I am attuned to sound. I have been since I was a child and liked to capture the sounds, voices and happenings in my world on my red Take ‘n Tape Panasonic cassette recorder. That fascination led me to my career as a journalist. Listening to sound also led me to create a company based on audio news to help students become better listeners. I even wrote a book about how to listen called Listenwise: Teach Students to be Better Listeners.

But I hadn’t thought about how the sounds of my daily life guide me through a routine and make me feel rooted in place until I arrived on the Vineyard. Now, from the moment I wake up in Edgartown to the call of the northern cardinals, I know I am among the scrubby oaks of the Island. The piercing sound of its call filters through my white noise machine and reaches me before my alarm clock. In my previous home in Brookline I was also often woken by high pitched piercing sounds. But they didn’t come from birds. They came from the beeping of a truck backing up into the school loading area next to my house. The school next door brought the many welcome sounds of children but also sounds of commotion. On the Island I listen to how the bird songs change throughout the day, depending on the time, weather or location.

Arriving at the Gazette office every day, the bells of the Federated Church welcome me to my office. I call the song that plays every day following the nine chimes of the hour, my welcome music. I didn’t recognize the hymns so one day I tried to use the music identification app called Shazam. But alas, Shazam couldn’t decipher the name of the hymn, probably because its computer program wasn’t trained on bells in a church built in 1828. The bells from the Federated Church tell me when it’s time for lunch and time to be rung home.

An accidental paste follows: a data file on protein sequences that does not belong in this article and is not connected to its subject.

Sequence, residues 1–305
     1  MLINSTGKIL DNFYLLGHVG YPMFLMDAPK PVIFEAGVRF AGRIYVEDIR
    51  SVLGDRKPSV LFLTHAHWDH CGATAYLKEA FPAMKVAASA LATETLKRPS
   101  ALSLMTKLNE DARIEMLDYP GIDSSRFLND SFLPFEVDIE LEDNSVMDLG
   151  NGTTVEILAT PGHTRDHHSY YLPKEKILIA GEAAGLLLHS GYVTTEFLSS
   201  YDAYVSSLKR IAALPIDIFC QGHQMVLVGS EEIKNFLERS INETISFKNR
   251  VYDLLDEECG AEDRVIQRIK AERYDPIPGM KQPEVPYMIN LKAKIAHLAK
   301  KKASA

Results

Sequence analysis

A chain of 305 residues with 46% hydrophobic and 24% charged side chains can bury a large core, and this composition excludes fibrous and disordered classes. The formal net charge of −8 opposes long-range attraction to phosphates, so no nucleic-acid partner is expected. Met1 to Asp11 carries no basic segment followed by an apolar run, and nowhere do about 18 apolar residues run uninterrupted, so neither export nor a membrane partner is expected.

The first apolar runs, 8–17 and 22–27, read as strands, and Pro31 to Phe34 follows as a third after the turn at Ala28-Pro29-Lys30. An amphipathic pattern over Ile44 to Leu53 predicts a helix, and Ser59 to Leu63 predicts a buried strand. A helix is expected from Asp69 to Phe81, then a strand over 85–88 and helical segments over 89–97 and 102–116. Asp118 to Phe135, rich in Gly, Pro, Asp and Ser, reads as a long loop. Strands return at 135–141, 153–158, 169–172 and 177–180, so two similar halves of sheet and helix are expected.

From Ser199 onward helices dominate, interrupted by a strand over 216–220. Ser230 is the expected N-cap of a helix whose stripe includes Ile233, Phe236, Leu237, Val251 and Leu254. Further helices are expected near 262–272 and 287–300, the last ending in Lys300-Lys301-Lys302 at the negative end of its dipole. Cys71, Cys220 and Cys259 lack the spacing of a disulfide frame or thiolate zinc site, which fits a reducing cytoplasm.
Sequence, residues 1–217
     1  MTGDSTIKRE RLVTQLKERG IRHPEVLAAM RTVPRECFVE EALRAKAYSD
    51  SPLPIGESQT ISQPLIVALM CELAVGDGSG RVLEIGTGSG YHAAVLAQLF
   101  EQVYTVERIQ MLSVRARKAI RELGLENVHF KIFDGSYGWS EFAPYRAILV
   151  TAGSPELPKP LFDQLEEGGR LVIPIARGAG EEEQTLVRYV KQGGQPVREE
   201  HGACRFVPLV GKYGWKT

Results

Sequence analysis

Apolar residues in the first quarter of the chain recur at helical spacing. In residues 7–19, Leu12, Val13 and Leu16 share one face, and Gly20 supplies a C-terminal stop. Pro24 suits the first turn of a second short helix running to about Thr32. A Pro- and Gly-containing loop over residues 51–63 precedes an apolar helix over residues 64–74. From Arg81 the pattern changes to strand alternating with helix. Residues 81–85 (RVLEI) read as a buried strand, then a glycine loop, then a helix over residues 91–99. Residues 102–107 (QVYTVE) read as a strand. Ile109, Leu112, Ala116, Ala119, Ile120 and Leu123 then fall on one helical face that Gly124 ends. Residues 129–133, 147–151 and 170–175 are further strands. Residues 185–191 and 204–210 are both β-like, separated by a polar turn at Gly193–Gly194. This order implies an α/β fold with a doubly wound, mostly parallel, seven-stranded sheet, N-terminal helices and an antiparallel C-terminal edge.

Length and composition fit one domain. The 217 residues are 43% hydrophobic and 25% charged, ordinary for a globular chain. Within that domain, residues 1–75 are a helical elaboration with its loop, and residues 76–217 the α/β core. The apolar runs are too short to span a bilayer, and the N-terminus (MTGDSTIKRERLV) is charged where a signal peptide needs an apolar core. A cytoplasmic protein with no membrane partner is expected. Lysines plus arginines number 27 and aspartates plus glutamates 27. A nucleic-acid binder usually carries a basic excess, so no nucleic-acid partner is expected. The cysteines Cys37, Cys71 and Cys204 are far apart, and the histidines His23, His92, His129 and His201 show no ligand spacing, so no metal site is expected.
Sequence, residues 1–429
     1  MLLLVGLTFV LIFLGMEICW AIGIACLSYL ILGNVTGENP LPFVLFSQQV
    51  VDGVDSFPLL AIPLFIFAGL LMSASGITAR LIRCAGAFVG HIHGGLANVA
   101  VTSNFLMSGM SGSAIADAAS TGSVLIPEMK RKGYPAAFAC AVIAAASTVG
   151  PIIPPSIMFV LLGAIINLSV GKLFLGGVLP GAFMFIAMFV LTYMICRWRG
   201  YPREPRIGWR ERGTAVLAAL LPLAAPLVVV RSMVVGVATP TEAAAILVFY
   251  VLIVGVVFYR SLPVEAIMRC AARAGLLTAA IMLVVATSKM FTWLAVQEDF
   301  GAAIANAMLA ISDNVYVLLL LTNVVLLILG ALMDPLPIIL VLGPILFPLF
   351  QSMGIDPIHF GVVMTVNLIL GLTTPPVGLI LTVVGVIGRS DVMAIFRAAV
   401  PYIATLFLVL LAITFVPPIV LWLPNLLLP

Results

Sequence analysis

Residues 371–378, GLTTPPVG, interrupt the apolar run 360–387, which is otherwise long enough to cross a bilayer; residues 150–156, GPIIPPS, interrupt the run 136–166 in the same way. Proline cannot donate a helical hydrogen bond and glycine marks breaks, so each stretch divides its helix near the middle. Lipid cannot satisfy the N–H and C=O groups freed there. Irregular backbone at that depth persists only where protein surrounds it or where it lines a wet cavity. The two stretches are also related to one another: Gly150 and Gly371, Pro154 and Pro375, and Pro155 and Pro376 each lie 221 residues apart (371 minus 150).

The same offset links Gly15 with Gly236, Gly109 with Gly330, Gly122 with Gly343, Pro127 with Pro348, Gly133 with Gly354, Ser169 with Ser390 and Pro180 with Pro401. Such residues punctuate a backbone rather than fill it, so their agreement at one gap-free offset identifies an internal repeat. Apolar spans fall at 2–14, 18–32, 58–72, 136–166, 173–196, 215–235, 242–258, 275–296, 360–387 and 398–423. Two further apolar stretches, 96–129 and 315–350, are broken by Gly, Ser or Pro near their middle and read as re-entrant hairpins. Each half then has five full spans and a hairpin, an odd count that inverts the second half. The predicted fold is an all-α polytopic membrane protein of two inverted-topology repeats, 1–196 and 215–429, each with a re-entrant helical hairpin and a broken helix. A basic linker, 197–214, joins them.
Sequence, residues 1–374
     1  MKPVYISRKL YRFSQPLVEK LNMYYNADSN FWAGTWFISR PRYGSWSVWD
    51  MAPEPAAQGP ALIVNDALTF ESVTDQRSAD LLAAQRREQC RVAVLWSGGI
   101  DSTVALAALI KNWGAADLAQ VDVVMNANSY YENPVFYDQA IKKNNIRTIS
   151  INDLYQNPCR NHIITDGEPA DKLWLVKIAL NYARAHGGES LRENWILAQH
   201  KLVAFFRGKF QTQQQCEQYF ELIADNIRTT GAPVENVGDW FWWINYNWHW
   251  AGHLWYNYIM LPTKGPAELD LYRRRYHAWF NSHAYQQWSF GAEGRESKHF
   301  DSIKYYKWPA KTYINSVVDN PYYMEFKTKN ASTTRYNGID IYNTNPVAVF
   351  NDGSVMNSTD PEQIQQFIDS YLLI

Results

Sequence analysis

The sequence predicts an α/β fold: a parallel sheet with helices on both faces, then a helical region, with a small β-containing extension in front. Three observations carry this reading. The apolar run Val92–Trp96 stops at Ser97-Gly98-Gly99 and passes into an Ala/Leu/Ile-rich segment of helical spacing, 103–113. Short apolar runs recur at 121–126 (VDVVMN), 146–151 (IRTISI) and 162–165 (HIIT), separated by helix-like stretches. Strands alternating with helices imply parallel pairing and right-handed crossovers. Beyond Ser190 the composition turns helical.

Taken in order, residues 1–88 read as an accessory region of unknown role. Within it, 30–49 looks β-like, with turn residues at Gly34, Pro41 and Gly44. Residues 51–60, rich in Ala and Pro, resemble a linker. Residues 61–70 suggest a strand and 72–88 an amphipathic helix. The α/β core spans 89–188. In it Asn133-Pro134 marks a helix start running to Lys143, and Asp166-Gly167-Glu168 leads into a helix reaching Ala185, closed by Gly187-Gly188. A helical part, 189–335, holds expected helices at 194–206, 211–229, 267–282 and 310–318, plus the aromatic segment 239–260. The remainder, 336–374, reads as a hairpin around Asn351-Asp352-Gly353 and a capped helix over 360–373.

I have heard from long-time Islanders how the sounds of the Island have changed. There are more large trucks lumbering across the Island now, building what seems to be an endless number of luxury homes. There are more chainsaws, excavators and dump trucks building these homes. And there are more buzzing leaf blowers and lawn mowers. These all change the look and the sound of the Vineyard, and I am attuned to that too.

The ferry and its distant throaty horn comforts me. The deep horn travels miles from port and on a foggy day sounds ominous. Is it arriving? Is it departing? Either way, it serves to remind me I now live on an Island.

The changing population of the Island brings with it new sounds. In the summer, you can hear the world on Martha’s Vineyard. I listen to two Serbian summer workers making plans. I hear Brazilians in the grocery aisle deciding what to cook for dinner. I hear Jamaican accents and a couple from New Jersey wondering out loud how many trips the Chappy ferry makes every day. A rowdy crowd of men with Southern accents in Oak Bluffs asks what time the last ferry to the mainland departs.

Another sound that makes me smile is right under my feet. It is the sound of our Goss Community Press from 1975 printing the weekly newspaper. The press is on the first floor of the Gazette office. I thought it would be deafeningly loud but it’s a low, steady hum that rumbles the floor if you’re still enough to feel it. It runs steady like a freight train and sounds like tradition.